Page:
relieve system pressure before it becomes sufficient enough to rupture the system or damage the pump. The relief valve ball is unseated at a predetermined pressure, and excess fluid is bypassed to the reservoir.
At this point, figure 10-33 illustrates a workable system, but it is still impractical. After a few hours, an ordinary pump would probably fail because it has to maintain a constant load. (The pump is keeping the relief valve unseated except when the cylinder is being moved.) With the addition of a check valve and pressure regulator (fig. 10-34), the work load on the pump is relieved and the system is more efficient, safer, and more durable. (A variable volume pump with its own built-in pressure control serves the same purpose in a system as the pressure regulator valve in this system.) The pressure regulator maintains system pressure between two predetermined pressure limits and relieves the pump when no mechanisms are moving, bypassing the pump flow unrestricted back to the reservoir. When you are adding the regulator valve to the system, the relief valve becomes a safety valve, used to prevent system damage in case of regulator or variable volume pump control failure.
The hydraulic system (fig. 10-34) is a practical, workable system; however, today's more complex equipment normally incorporates more components for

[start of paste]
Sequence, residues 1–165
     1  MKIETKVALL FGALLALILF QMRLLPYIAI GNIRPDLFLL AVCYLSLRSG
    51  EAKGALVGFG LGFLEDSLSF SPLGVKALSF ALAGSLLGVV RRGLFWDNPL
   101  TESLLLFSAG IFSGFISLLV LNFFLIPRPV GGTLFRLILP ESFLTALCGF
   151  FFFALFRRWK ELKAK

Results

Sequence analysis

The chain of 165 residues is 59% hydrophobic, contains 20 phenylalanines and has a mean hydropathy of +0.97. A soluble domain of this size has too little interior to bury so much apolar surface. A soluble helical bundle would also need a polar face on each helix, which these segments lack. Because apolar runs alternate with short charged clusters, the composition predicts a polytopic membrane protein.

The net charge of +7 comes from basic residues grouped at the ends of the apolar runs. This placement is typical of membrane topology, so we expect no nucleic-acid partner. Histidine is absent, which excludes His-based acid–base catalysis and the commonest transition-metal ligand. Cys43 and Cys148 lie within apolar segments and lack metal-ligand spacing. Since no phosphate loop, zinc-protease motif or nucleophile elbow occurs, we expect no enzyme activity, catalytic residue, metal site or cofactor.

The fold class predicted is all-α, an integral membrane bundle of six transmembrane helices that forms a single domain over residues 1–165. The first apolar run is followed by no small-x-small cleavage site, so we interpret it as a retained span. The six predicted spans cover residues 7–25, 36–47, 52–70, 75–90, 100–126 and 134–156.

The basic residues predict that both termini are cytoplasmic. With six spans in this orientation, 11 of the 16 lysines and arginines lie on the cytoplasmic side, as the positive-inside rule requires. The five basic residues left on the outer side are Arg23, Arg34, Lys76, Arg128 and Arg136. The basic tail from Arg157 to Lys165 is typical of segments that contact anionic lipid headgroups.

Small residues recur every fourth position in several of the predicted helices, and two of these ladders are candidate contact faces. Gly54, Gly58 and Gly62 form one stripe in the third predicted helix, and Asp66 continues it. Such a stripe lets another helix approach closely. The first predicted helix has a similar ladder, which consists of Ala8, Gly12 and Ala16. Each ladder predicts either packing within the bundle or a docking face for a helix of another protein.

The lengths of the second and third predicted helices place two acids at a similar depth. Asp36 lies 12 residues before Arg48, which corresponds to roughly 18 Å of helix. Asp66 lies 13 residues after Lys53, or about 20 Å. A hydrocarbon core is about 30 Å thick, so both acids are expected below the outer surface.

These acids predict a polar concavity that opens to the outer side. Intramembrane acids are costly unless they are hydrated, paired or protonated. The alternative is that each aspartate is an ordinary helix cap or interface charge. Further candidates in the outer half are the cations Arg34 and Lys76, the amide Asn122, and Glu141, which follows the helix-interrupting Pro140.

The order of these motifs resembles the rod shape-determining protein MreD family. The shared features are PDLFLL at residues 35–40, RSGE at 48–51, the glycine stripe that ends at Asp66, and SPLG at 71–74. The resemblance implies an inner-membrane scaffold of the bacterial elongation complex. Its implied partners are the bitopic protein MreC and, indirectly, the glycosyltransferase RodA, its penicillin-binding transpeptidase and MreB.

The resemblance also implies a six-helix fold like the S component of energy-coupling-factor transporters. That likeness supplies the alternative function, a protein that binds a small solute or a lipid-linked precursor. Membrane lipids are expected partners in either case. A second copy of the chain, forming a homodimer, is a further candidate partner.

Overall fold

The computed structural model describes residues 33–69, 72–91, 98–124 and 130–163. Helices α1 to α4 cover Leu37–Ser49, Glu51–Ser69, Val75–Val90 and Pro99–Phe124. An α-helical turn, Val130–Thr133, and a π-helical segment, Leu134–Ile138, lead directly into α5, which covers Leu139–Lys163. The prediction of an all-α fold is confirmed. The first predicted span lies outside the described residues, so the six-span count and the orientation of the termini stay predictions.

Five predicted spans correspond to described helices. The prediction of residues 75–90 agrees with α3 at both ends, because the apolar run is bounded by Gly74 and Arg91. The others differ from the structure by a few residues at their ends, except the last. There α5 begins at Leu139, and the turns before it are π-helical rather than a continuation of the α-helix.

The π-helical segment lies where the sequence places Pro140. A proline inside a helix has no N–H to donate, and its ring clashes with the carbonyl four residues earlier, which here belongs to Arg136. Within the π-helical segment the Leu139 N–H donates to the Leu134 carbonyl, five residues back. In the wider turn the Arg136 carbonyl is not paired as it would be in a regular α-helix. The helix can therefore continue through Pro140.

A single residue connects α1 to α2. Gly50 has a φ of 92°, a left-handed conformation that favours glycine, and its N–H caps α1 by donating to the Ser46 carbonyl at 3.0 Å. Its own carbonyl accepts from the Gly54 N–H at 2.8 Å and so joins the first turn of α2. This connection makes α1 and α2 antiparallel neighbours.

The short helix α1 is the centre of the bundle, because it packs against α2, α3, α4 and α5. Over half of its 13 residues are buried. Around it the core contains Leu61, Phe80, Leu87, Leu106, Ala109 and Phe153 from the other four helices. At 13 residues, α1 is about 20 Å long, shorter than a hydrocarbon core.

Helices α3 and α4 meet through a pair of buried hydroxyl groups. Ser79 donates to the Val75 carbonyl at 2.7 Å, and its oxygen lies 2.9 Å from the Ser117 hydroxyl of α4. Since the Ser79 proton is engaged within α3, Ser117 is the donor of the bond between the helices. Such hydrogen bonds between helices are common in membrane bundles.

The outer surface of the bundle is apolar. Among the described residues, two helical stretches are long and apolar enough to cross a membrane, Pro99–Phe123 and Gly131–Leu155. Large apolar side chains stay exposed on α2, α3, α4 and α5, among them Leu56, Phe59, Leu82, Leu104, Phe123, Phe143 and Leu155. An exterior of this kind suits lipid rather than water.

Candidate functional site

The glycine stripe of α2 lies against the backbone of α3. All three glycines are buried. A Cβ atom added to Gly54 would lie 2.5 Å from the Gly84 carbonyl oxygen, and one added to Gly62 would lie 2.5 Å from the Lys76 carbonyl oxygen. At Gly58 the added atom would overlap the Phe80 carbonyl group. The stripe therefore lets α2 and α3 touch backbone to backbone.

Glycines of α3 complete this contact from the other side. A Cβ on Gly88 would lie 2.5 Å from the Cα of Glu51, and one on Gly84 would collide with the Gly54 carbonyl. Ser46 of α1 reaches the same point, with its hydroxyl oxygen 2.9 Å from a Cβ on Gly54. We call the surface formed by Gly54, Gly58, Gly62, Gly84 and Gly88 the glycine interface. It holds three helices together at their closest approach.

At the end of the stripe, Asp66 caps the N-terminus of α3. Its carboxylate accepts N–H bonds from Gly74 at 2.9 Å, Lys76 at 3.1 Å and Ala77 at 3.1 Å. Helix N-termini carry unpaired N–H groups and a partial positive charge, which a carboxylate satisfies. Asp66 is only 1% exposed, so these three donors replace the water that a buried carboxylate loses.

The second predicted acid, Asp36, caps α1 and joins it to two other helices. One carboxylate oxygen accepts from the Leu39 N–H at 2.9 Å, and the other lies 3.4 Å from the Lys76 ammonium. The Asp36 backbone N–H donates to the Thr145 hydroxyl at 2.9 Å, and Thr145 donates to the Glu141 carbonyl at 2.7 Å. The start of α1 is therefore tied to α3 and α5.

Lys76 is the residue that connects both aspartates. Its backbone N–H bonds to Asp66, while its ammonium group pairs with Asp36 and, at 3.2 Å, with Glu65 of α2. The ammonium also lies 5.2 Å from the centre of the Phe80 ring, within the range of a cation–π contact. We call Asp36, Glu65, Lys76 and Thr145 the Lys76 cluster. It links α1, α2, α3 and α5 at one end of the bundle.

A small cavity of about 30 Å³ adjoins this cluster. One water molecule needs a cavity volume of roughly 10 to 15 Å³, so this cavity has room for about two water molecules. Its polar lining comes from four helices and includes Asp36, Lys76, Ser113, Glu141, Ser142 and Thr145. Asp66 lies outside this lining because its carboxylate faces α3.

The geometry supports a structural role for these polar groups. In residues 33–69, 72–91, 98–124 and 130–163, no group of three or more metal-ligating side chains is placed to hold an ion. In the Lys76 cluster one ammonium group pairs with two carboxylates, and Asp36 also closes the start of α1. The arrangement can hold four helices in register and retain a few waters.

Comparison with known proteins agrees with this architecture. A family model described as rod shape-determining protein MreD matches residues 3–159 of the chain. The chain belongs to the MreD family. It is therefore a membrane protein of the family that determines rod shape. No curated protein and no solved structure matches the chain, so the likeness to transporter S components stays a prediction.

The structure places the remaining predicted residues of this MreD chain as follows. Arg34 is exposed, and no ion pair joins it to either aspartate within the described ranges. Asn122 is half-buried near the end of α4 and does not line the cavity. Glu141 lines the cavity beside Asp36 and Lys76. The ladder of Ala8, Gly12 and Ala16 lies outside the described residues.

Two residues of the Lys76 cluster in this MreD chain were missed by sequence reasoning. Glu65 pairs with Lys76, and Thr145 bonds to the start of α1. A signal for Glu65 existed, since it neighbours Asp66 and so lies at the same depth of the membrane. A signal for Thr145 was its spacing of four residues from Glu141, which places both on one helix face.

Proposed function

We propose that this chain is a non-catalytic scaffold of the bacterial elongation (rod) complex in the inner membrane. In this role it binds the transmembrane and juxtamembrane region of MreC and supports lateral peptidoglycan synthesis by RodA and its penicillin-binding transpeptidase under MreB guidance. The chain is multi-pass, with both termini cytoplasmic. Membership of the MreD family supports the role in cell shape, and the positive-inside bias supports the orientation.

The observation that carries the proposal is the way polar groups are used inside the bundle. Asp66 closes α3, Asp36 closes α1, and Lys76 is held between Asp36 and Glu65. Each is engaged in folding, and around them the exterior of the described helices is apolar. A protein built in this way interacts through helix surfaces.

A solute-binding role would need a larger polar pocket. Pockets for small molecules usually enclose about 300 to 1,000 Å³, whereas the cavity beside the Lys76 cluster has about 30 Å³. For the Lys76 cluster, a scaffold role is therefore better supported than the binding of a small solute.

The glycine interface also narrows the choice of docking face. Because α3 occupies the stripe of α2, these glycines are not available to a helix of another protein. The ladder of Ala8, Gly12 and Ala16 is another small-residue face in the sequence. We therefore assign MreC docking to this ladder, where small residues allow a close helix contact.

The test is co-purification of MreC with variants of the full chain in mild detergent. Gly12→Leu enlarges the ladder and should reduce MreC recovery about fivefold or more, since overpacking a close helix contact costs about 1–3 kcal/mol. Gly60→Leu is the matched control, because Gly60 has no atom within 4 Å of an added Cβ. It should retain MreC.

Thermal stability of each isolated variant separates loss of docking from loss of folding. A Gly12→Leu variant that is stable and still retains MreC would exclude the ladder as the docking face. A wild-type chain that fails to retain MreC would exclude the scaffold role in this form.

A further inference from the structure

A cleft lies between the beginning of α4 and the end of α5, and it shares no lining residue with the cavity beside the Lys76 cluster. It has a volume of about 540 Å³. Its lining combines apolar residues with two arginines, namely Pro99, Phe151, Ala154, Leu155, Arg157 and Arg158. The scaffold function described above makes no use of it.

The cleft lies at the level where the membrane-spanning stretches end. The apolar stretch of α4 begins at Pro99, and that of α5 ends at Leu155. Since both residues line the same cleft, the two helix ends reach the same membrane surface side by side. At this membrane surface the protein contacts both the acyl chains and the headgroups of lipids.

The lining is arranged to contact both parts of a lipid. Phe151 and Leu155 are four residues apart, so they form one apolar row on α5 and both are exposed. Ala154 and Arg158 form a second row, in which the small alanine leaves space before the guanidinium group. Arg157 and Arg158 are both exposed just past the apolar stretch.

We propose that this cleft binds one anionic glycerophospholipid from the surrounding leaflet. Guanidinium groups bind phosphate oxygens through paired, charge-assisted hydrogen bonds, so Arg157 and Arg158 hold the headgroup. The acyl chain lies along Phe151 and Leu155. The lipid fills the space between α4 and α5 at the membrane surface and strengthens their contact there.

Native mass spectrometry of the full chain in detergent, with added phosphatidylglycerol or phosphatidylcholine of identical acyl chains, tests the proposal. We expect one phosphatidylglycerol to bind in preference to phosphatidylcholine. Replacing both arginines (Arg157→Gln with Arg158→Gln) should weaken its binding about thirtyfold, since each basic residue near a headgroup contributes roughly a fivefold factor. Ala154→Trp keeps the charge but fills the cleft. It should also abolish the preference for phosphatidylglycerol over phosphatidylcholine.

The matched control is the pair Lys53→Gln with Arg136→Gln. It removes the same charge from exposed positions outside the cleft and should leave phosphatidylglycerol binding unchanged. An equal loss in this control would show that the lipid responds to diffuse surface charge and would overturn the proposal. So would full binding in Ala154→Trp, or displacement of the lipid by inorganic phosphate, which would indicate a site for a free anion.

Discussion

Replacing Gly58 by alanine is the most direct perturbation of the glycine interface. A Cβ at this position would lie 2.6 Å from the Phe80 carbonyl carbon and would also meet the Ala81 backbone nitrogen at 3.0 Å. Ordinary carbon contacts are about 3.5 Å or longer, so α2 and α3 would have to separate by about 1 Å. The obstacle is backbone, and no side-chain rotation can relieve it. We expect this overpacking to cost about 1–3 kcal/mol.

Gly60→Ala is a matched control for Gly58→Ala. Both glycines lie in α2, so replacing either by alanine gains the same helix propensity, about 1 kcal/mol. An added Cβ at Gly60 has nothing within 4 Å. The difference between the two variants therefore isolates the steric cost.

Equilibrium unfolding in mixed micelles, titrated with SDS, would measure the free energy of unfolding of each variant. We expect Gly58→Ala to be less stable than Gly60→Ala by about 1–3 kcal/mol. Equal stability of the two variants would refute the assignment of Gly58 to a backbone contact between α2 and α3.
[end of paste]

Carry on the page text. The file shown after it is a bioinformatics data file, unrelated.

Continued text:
Figure 10-34.-Hydraulic system with a relief valve and regulator incorporated.
Figure 10-35.-Complete hydraulic system.
the purpose of increasing efficiency, safety, and emergency or standby operation.
A complete hydraulic system is shown in figure 10-35. In addition to the components already mentioned, this system includes more check valves, pressure gauge, filters, and a hand pump. The hand pump is added as art auxiliary system, normally used as an emergency power source in case of main power pump failure.
The complete hydraulic system discussed above may be further expanded by including a pressure manifold, more selector control valves, actuating mechanisms, and more power-driven pumps connected in parallel. You should remember that all systems can be broken down into a simplified system (as illustrated in figures 10-32 through 10-35). Thus, even the most complex system can be analyzed, not from the standpoint of a complex system but from that of a simple system.
There are two types of hydraulic systems used in support equipment. A system may be either an open center or a closed center, or in some cases, both.Continue Reading